Monday, October 6, 2008

Climate Conservatives

Over the weekend, I attended a high school reunion with my wife. One of the great things about reunions is that you get to talk with people from all walks of life, who typically have a wider variety of opinions than your co-workers or neighbors. One of my wife's classmates, after hearing that I work at a federal laboratory that does climate change research, asked whether or not I believed in global warming. The question really took me by surprise because, to me, global warming is like gravity: it doesn't really matter whether you "believe in" it -- it just is.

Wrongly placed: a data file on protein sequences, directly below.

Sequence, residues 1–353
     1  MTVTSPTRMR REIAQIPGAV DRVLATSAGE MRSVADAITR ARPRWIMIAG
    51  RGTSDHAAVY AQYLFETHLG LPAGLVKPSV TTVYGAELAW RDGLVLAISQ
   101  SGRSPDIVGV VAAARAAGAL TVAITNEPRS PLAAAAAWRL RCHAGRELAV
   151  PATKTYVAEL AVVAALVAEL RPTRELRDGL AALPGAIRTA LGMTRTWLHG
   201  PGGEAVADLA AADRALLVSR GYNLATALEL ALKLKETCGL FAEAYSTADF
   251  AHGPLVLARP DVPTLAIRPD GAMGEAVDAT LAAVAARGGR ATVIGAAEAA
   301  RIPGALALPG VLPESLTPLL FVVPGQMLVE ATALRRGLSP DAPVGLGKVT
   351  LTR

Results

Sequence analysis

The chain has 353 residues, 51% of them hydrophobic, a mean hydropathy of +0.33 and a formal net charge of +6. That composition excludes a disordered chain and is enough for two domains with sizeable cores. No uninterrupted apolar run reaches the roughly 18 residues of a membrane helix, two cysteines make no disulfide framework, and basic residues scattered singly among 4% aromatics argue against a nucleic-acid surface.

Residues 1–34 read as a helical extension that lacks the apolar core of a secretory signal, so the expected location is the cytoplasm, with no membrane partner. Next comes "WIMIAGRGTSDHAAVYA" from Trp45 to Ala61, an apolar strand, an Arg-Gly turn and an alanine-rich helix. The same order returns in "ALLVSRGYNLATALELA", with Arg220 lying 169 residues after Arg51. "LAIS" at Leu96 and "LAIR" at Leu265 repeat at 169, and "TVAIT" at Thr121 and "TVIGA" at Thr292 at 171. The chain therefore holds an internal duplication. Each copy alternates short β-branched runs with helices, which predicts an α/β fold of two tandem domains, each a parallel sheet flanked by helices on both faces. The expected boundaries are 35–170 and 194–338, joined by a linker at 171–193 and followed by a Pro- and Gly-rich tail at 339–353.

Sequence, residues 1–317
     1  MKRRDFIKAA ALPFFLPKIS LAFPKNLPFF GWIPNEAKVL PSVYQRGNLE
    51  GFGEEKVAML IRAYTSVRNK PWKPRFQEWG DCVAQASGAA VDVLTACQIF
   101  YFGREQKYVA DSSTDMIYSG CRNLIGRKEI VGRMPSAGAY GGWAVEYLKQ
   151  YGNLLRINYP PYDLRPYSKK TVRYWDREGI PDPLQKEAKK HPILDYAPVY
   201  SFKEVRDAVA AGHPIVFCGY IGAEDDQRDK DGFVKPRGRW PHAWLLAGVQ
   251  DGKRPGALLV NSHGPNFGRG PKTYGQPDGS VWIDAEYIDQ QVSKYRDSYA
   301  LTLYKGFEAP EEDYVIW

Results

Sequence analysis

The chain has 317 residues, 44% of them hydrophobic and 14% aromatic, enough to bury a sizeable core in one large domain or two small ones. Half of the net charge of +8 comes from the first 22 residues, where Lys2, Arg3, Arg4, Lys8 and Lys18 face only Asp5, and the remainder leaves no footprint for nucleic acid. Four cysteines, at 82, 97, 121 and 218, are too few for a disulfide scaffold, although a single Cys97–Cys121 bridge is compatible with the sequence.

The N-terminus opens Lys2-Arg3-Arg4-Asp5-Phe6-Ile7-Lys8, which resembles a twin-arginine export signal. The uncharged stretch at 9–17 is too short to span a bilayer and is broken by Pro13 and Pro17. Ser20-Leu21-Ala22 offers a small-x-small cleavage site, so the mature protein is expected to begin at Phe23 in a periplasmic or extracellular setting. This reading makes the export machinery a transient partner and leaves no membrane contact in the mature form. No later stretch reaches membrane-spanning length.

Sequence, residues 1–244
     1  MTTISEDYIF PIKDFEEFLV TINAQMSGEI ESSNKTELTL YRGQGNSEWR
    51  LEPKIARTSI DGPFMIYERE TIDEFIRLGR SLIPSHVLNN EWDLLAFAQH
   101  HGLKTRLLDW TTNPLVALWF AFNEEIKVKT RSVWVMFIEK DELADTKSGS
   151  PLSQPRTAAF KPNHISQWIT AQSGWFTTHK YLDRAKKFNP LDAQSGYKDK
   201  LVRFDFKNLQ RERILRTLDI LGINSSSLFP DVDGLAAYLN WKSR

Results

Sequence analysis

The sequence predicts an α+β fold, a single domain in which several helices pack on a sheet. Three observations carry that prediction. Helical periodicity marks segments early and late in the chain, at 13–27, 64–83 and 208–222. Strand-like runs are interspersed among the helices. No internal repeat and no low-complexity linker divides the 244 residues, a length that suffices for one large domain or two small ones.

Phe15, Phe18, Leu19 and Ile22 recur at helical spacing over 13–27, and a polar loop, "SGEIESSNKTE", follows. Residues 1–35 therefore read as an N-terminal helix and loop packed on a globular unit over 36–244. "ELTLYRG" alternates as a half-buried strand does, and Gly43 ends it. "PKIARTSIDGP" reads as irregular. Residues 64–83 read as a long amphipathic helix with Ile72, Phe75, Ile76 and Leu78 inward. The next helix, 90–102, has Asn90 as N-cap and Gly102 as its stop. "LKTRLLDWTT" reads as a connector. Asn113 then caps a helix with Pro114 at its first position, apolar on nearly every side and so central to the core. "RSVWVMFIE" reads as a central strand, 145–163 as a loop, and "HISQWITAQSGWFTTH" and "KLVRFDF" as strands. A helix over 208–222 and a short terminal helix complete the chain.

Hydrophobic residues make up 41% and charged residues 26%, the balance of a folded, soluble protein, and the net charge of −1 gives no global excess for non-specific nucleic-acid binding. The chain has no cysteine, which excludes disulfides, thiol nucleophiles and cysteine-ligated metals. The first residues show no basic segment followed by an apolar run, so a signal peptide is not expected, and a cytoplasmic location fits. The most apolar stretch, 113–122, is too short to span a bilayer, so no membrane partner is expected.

I responded that her question made me wonder whether or not she believed in climate change. She explained that the issue made her very upset because of how political the debate had been, and that she didn't believe in global warming at all. She said she didn't trust Al Gore, and she thought he was a hypocrite for making so much money from his film and for flying his private jet between stops on his "climate crisis" tour. If the facts in the film had been presented by a scientist, she said, it probably would have done more to persuade her about the problem. The central issue seemed to be about credibility, not about facts. I tried to imagine my own response to claims about a crisis coming from a source that I didn't trust.